It should come as no surprise to anyone who has read anything I’ve written about Doctor Who over the last few years that I am not a fan of Steven Moffat. I think much of the work he has done on Doctor Who is both ethically and artistically dodgy, and… well, there are a lot of criticisms I could make, most of them ones I already have made in the past.
However, there are some things he’s done right. His casting of the Doctor was always superb (I was unimpressed by Matt Smith at first, but part-way through his first season I realised how good he was, and obviously there is nothing negative one can say about either Peter Capaldi or John Hurt), and I was also impressed by The Day of the Doctor. It’s the one script of his where I can’t really pick any holes — he had a job to do, to celebrate Doctor Who both old and new, and he did it perfectly. Yes, there were things I would have done differently, but he managed to create something that was honestly a good story and which felt like it made sense within the larger series.
So when I saw that Moffat had written a novelisation of the story — one of a handful of novelisations of post-2005 episodes which came out this week, most of which I’m not very interested in reading — I thought I’d give it a go, and actually I’m quite glad I did, with one big proviso (for which, see below).
The Day of the Doctor is an… interesting… book more than it is a good one. It’s especially interesting for me, because its flaws are precisely those flaws I can see in my own work. In fact, to put it bluntly, this reads like me trying to be Lawrence Miles and failing.
I say that upfront, because I’m going to analyse this in a fair amount of depth, and I’m absolutely certain that the half dozen of you who’ve read The Basilisk Murders or Head of State will be thinking, throughout, “I know you are but what about Moffat?” whenever I say anything negative. So just accept up front that any flaws I point out here are ones I know exist in my own work.
Put simply, Moffat is a show-off. Throughout the book, he does quite a few things that are… not innovative, but the kind of tricks with narrative that are fun to play with. Chapters numbered out of order, footnotes referring to books that are only available in alternate universes, the kind of playing with viewpoint and narratorial person that Alfred Bester did in “Fondly Fahrenheit”.
All of these things are fun, but then Moffat tells you that he’s doing them, or that he’s about to do them, and tells you how clever he’s going to be. Now, to an extent, that is a sensible thing to do — partly because at least one of the first-person narrators is himself an ostentatious show-off who likes to tell people how clever he’s going to be, and partly because one can expect this book to be read by people with a wide variety of ages and reading abilities, and flagging up the narrative tricks you’re going to play will help younger children get a handle on what’s going on. But I also suspect that Moffat, who is not known as a prose writer, is simply eager to show people how clever he’s being in case they otherwise wouldn’t realise it.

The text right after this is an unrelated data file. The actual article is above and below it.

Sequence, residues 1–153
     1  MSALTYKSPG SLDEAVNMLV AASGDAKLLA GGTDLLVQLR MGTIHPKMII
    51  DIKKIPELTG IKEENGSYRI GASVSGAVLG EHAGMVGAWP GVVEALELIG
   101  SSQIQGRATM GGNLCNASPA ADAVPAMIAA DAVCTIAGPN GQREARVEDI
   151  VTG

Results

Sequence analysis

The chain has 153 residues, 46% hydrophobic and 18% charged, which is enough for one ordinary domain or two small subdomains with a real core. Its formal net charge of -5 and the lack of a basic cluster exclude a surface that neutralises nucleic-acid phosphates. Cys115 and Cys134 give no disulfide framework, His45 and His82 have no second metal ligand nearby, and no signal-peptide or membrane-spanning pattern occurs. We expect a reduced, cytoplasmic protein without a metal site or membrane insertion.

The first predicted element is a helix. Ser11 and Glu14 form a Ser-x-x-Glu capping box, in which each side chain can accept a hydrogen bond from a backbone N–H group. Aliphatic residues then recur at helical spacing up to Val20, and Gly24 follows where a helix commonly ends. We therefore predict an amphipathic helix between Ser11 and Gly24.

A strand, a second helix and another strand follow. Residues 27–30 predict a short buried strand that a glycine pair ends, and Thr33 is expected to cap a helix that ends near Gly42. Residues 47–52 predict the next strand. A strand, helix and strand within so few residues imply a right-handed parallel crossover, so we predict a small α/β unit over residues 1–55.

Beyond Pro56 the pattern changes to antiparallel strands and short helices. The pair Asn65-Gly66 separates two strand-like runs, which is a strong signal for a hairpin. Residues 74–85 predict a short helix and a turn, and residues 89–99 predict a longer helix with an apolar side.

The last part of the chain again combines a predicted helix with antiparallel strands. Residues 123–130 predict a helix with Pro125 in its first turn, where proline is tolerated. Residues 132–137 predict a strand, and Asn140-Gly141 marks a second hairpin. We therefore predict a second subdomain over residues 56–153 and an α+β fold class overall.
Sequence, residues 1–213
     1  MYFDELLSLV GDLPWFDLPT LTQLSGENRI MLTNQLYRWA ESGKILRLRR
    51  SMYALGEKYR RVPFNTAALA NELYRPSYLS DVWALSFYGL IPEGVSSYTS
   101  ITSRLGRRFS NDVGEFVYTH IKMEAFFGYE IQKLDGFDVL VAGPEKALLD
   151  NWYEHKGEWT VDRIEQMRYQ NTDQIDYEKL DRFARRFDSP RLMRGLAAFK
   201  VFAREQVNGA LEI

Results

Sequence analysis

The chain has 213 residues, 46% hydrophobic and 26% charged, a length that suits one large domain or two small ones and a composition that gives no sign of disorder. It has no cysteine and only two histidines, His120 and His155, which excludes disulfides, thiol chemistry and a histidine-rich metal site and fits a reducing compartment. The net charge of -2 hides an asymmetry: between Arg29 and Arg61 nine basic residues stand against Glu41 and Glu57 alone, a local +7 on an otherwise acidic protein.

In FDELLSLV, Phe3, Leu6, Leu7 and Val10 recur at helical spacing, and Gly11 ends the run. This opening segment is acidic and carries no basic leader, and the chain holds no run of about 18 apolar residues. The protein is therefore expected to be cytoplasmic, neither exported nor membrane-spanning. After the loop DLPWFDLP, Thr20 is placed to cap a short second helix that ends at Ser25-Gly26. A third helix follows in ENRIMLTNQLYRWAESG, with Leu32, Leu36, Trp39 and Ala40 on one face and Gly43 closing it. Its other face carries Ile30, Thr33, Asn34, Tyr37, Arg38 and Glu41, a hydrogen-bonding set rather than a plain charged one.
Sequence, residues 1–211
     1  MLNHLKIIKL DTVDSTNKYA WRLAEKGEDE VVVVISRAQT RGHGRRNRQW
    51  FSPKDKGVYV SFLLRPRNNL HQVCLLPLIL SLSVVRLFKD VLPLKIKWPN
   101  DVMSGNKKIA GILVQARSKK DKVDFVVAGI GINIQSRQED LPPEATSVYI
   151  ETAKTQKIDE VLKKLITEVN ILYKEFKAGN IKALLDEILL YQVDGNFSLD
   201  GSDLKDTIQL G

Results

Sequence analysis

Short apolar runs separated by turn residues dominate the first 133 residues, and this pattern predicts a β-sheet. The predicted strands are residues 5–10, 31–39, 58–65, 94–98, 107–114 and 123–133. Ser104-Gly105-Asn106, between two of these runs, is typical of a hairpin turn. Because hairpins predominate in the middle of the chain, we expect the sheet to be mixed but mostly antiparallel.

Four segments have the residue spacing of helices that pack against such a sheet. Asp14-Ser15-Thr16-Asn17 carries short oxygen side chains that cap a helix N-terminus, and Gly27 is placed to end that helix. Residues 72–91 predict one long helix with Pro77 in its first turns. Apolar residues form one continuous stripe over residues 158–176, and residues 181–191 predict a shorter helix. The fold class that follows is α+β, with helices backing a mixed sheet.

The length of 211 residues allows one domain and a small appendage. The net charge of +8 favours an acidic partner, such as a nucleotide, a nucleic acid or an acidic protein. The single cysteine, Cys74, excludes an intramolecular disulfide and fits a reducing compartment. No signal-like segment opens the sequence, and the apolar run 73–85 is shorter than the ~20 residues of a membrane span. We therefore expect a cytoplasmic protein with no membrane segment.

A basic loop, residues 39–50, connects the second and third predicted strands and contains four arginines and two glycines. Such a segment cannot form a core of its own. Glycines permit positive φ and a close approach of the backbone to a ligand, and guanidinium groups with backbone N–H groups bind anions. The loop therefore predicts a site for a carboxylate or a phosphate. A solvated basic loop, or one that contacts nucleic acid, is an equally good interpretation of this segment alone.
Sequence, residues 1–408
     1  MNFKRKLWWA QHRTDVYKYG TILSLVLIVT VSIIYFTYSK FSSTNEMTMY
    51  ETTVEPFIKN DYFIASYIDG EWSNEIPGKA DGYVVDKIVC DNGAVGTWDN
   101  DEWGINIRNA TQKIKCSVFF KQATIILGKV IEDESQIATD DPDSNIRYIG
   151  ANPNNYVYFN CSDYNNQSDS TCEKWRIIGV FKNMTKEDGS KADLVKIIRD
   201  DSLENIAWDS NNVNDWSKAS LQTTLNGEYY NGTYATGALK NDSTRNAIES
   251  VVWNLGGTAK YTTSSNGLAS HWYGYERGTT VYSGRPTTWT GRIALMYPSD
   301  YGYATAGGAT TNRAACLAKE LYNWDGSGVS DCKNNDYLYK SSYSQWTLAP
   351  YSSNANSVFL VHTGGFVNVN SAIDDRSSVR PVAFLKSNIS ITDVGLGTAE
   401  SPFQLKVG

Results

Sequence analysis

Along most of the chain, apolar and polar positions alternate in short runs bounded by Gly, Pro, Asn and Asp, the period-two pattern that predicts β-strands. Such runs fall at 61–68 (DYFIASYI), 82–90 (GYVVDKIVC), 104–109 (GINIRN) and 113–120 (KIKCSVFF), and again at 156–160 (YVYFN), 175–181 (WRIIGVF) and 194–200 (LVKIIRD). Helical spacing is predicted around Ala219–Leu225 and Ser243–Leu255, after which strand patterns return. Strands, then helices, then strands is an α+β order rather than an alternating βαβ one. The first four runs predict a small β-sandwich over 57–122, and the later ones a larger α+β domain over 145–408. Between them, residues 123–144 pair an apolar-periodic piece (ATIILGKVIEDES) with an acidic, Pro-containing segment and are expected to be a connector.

That’s something that many people are going to dislike immensely about this book, and with good reason. For myself, I like this kind of thing — and I would certainly far rather have ostentatious cleverness than an equally ostentatious stupidity, which is more the cultural norm at the moment — but I can certainly see how it might be wearying, especially to anyone who has read enough literary fiction to find the tricks fairly banal.
(For myself, much as I can listen to competently-performed twelve-bar blues all day without wearying of the formula, so I can happily read knowing, meta-referential, self-satisfied cleverness all day without tiring of it. That’s a personal aesthetic preference, though, rather than a judgement of the work’s quality.)
In the unlikely event that Lawrence Miles were to read this book, I suspect he would be angry, as he often has been, at his apparent influence on Moffat. There are passages in here that read very much like parts of The Book of the War, and more generally this reads like the Eighth Doctor Adventures did during the period where Miles was a major influence on the series. Some of this, of course, is just because any book dealing with a time war will deal with some of the same concepts that those books covered, but there’s also a sense here of Moffat paying tribute to a book range he genuinely loved.
Moffat seems to really be having fun with the book, as well. There are tons of jokes in the novel, of which my favourite is probably one that appears early in the book — “It was a book of complex temporal theory, and he’d already lost several days trying to find Wally. He was starting to think that Wally wasn’t actually in every book, but how could anyone be truly sure?”
There are jokes about Doctor Who continuity, and about the Cushing films — Moffat has the Cushing films (the posters for which appeared in the background of the TV story on which this is based) as films that exist “in-universe”, and has the Doctor and Cushing becoming friends as a result of them (and Cushing journeying with the Doctor, which is why he managed to appear in films after his death) — and there’s a playful meta-reference to the absence of Eccleston from the TV story, in the strange business of Chapter 9.